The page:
We know that many parents of difficult and out-of-control children are devastated and often bewildered by their children's anti-social behaviour. They do their best as parents, however inadequate that might be, but most people are also aware that some parents have a totally irresponsible attitude towards controlling their children. Effectively, they opt out of their responsibilities, sometimes to indulge their own ill-disciplined lifestyles. The Bill has three provisions dealing specifically with such parents. First, the parents can be bound over to exercise proper and adequate control over their child where that child has been found guilty of an offence. Second, the parents can be ordered to pay compensation. Before making a compensation order the court must be satisfied of the parents' ability to pay and that there was a wilful failure on the part of the parents to take care of or to control the child that contributed to the child's behaviour.
The third and new provision is one under which the court can make a parental supervision order. As with the compensation order, this order can only be imposed on parents where their child is found guilty of an offence and where the court is satisfied that a wilful failure of the child's parents to take care of or to control the child contributed to the child's criminal behaviour. This order provides the court with a carrot and stick option for dealing with such parents. For example, if the court is of the opinion that the parents lack the necessary skills to properly look after their child, it can order the parents to undergo a parenting skills course. Similarly, if the problem is one of substance abuse, the court can order the parents to seek treatment for that abuse. As with all the other orders and powers of the court in the Bill, this order will not be suitable in all circumstances – it might be a suitable response in a relatively small number of cases. It is important, however, to give the courts power to deal with whatever situation confronts them.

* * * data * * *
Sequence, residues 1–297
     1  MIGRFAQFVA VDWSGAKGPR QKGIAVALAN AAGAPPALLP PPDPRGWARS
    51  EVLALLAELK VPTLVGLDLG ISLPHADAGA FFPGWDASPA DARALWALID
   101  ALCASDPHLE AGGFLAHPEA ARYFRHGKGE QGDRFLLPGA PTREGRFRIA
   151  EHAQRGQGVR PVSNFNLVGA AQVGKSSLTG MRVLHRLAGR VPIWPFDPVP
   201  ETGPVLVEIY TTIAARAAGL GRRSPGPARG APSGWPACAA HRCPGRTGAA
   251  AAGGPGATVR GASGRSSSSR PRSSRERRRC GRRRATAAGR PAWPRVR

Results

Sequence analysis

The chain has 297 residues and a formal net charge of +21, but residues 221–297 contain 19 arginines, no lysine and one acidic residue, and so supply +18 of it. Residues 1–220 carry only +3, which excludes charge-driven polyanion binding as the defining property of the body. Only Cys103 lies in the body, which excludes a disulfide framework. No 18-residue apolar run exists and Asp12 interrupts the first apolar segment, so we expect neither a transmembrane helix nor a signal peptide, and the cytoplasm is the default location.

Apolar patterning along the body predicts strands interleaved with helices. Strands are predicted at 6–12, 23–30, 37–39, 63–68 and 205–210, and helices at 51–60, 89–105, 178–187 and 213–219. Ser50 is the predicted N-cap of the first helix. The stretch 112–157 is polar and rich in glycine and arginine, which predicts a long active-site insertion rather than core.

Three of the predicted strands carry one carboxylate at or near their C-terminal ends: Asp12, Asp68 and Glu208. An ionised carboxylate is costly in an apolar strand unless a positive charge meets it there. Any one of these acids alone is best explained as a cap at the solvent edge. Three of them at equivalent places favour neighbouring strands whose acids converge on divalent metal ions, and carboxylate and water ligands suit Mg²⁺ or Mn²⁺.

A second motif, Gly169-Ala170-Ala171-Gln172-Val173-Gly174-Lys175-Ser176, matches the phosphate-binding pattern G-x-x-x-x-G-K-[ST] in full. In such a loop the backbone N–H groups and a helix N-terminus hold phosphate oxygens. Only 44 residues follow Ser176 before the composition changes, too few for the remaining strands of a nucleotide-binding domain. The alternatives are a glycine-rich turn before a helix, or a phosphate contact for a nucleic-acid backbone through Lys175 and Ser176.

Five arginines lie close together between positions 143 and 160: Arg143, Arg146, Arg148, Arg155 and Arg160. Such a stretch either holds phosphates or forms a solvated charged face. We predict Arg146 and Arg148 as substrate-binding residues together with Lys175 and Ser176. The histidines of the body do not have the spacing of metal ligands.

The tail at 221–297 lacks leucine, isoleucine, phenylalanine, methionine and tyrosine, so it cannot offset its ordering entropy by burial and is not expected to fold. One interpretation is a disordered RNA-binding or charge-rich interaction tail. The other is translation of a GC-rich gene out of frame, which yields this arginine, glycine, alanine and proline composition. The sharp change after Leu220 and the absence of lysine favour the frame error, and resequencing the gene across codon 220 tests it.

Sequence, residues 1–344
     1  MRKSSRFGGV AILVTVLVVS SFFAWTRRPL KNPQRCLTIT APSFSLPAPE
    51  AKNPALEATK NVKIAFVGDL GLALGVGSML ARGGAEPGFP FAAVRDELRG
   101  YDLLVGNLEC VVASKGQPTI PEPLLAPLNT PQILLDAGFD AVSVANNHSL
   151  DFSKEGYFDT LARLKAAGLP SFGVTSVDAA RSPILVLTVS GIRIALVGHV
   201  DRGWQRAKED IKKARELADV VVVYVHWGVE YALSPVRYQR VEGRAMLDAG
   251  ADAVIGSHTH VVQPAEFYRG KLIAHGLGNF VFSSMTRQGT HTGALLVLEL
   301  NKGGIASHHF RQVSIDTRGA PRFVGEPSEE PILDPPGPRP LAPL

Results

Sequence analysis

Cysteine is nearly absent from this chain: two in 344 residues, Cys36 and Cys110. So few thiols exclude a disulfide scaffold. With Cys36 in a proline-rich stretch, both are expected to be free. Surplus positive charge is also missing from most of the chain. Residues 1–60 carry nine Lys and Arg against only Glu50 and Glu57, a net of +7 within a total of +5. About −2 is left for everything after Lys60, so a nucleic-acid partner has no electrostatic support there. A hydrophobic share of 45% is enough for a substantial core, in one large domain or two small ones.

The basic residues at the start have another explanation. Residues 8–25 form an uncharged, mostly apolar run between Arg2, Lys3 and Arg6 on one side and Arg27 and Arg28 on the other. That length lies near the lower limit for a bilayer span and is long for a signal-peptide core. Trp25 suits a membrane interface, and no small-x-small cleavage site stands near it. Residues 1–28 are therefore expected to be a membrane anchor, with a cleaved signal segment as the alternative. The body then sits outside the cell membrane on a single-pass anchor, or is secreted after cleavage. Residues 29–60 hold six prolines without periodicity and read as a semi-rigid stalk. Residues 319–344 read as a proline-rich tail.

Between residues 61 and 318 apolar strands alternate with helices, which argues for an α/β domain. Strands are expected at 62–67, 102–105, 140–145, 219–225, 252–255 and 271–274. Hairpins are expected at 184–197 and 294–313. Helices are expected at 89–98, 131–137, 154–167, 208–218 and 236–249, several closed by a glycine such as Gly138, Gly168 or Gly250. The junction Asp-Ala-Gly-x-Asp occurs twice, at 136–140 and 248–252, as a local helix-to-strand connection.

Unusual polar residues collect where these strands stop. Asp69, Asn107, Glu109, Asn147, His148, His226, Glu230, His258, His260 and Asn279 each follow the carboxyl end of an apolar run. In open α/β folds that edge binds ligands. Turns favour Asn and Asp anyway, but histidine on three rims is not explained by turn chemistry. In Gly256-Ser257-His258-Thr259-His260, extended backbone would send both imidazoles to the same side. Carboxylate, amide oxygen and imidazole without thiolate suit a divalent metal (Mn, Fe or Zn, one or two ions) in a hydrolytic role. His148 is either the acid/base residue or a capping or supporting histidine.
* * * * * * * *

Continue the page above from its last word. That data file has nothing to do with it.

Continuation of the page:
In formulating the policy on which the Bill is based, I have had to strike a fair balance between the needs and interests of the child offender with the protection of the community and what is good generally for society. I have already spoken of victims in the context of the conference. Their position is highlighted and protected throughout the Bill. The principles relating to the exercise of criminal jurisdiction over children specifically protect the interests of victims of child offending and both the Garda convened conference and the family conference which will be convened by the Probation and Welfare Service will be obliged to uphold the concerns of the victim and to have due regard to his or her rights.
I would now like to turn to the three Parts of the Bill which specifically relate to the health area. These are Part 2, which is completely new and establishes for the first time on a statutory basis the family welfare conference, which will enable health boards to intervene with other agencies at an early stage in relation to children who need special care and protection.
The second is Part 3, which amends the Child Care Act, 1991, to impose a duty on health boards to apply for a special care order or an interim special care order in relation to a child residing or found in its area who is in need of special care and protection which he or she is not likely to receive unless the court grants such an order.
The third is Part 11, which provides for the establishment of a special residential services board to co-ordinate residential services for children detained in detention schools and in special care units. I am particularly pleased that the Bill will establish family welfare conferences on a statutory basis to deal with those children who have been charged with an offence and referred to the health boards by the courts, and those children who are the subject of applications for special care orders.